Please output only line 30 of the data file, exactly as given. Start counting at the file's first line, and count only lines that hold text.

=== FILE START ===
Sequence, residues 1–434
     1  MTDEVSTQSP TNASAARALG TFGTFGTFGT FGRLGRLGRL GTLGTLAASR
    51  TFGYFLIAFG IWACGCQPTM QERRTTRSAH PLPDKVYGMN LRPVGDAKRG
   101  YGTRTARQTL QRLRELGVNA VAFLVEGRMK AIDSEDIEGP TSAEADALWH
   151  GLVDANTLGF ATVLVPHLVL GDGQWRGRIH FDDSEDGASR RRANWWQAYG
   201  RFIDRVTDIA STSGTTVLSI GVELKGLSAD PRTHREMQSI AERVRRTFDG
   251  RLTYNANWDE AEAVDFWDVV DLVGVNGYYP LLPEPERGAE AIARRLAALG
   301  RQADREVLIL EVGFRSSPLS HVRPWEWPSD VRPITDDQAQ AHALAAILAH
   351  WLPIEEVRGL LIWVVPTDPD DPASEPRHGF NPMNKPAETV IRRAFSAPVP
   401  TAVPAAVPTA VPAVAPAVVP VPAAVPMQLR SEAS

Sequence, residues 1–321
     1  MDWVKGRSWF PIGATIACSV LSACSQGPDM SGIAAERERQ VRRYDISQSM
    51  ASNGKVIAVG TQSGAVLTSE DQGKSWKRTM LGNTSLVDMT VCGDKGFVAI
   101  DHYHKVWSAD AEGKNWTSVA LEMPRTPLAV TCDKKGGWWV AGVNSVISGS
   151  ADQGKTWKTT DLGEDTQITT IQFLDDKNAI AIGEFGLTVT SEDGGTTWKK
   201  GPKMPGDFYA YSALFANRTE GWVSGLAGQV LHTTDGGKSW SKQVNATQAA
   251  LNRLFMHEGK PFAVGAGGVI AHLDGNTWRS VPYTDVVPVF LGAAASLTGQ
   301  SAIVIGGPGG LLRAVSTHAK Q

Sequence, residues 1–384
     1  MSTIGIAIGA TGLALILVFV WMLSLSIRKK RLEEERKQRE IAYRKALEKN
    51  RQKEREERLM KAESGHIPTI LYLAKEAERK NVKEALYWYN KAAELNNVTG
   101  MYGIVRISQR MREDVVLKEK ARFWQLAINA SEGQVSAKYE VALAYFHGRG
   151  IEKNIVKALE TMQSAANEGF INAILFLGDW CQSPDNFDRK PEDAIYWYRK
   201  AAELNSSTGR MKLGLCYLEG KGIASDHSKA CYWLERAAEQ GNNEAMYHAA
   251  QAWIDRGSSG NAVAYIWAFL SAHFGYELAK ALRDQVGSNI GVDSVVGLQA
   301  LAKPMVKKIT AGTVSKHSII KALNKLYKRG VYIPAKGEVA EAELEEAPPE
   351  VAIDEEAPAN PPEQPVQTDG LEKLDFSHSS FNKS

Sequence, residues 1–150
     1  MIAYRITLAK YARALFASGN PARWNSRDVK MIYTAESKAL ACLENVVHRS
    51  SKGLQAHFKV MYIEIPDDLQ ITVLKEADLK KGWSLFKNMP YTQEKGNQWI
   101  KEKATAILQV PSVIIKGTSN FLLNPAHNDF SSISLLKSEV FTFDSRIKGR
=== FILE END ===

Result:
    51  SKGLQAHFKV MYIEIPDDLQ ITVLKEADLK KGWSLFKNMP YTQEKGNQWI